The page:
Deferred annuity


Q. I resigned January 2017 after 30 years federal service (age 51). I am now struggling to make ends meet and am seriously thinking about retirement. Please help me to understand the pros and cons if I take this step.

A. Unfortunately, you aren’t old enough to retire. Assuming that you didn’t receive a refund of your retirement deductions when you left government, the earliest you could apply for a deferred annuity would be age 56 and 4 months.


About Author

Reg Jones was head of retirement and insurance policy at the Office of Personnel Management. Email your retirement-related questions to


  1. With all due respect, with 30 years of service under your belt and only being 5 years away from retirement eligibility WHY THE HECK DID YOU QUIT?

    Other than resigning in lieu of being fired or leaving government for a far more lucrative job opportunity, resigning from civil service with 30 plus years service w/o at least an early retirement,discontinued service early retirement or medical retirement pension makes no sense IMO!!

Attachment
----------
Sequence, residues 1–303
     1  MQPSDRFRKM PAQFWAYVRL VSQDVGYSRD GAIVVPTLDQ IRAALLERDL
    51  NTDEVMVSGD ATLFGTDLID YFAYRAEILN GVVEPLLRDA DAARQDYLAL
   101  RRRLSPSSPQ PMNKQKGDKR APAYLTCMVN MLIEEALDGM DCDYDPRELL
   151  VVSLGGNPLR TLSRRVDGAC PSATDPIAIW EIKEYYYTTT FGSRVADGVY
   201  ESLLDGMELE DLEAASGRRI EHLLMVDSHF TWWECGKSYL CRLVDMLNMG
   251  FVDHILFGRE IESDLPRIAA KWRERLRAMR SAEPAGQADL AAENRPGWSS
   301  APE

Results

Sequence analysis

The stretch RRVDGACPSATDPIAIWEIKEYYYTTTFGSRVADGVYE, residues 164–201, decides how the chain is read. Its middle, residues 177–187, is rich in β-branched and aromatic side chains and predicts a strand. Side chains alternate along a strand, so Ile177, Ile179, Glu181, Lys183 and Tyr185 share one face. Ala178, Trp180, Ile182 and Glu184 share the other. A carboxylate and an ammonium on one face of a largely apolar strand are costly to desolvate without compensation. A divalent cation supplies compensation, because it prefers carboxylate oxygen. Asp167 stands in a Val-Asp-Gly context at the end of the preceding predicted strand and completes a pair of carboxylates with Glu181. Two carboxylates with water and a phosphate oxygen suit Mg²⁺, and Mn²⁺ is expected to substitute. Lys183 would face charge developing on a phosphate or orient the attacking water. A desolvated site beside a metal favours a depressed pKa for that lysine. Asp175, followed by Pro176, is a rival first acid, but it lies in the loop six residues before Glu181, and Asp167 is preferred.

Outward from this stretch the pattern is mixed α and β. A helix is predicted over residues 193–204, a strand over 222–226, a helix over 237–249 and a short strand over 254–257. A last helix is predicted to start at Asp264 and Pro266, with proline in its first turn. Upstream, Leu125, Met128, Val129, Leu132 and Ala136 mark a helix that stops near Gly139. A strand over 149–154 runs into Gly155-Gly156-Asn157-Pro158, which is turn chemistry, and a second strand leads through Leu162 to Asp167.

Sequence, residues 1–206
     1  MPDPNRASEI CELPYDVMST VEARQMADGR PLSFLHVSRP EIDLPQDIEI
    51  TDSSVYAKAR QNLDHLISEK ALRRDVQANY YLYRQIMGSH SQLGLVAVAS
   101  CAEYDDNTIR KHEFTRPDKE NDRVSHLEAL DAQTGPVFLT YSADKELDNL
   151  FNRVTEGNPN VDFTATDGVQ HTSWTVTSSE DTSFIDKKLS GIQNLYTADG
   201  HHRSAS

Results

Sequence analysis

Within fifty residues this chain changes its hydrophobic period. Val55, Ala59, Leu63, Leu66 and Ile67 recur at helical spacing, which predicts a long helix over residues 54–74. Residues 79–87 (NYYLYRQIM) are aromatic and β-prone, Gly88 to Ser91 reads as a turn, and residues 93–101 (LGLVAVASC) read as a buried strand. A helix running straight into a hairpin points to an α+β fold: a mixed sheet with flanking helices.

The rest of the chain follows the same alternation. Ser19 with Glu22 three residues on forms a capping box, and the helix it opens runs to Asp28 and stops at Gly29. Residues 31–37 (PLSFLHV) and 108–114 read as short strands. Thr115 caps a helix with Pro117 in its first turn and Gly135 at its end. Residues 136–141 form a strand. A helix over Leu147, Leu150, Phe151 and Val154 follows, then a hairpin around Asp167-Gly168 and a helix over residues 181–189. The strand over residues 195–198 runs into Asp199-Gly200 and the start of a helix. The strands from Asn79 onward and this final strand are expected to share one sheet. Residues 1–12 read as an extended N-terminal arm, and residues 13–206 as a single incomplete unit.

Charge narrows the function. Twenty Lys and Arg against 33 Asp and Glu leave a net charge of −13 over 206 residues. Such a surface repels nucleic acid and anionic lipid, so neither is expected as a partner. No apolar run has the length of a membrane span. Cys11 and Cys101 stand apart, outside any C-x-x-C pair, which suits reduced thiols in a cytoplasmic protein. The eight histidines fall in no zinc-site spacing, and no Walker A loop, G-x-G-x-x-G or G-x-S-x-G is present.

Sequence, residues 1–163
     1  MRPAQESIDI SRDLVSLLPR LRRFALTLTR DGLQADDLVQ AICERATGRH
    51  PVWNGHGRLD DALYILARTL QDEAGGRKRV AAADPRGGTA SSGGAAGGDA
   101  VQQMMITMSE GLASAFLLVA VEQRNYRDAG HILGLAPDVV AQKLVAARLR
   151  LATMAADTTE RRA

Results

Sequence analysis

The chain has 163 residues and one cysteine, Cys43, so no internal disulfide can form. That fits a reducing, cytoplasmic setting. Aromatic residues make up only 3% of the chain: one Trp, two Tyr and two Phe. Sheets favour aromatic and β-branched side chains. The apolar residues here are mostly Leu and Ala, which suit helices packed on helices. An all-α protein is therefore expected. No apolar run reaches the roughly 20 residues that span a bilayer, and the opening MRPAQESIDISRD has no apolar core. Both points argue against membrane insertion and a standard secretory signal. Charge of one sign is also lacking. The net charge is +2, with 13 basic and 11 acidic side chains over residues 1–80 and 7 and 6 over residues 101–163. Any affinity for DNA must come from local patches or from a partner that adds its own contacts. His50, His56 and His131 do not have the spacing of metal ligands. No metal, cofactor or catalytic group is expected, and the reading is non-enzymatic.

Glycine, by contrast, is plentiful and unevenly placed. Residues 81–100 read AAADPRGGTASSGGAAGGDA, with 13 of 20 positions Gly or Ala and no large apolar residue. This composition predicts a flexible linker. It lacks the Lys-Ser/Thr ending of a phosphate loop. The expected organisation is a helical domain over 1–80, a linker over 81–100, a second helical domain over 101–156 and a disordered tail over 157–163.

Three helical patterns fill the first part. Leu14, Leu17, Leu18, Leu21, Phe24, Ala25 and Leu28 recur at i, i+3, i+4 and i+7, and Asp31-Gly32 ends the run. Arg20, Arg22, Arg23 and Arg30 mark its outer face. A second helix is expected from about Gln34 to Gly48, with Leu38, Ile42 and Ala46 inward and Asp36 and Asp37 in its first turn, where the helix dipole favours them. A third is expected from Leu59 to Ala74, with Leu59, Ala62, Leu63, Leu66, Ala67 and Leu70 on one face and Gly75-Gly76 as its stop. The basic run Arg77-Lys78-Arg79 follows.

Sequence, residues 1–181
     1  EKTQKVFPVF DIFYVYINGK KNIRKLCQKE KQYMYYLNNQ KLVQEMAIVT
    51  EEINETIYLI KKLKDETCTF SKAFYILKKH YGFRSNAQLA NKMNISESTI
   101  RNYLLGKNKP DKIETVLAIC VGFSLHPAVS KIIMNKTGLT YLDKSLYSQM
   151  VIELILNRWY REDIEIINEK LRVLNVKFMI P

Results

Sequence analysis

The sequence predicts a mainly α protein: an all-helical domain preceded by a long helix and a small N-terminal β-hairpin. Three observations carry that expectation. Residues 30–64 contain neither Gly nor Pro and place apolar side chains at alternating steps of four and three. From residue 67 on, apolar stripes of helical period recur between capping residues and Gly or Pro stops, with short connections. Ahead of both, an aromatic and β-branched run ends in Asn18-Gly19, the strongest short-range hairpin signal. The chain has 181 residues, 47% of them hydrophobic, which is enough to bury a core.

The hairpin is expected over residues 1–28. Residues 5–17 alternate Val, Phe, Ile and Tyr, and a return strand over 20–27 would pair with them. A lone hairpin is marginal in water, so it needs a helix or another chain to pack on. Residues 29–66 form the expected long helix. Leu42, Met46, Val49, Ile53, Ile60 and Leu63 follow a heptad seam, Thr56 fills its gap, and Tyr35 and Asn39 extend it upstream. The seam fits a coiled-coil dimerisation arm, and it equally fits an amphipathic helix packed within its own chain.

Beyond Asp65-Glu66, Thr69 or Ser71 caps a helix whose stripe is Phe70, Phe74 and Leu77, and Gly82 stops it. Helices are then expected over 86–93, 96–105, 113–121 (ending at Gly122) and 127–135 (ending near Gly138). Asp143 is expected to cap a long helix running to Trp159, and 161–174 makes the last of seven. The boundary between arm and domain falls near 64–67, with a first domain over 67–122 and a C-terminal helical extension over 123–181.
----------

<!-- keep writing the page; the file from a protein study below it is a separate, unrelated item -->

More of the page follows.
2. One other thought – if you resigned under good terms and with money being tight, why don’t you try to get back to work for civil service? USA Jobs has many Federal job announcements current or former career Federal employees can apply for!

    With you leaving Federal civil service as a career employee, you can apply for any job opening you are qualified for, either with your old agency or another Federal agency and resume your Federal career!! If you do get hired back, your sick leave balance will be restored and you’ll be in Annual Leave Group 3 with your 30 years. If you cashed out your FERS Contributions, you can pay them back to get retirement credit for your 30 years service!!

  3. also has great jobs listed. Go to the VA…there are always jobs there…cuz people are getting fired left & right!

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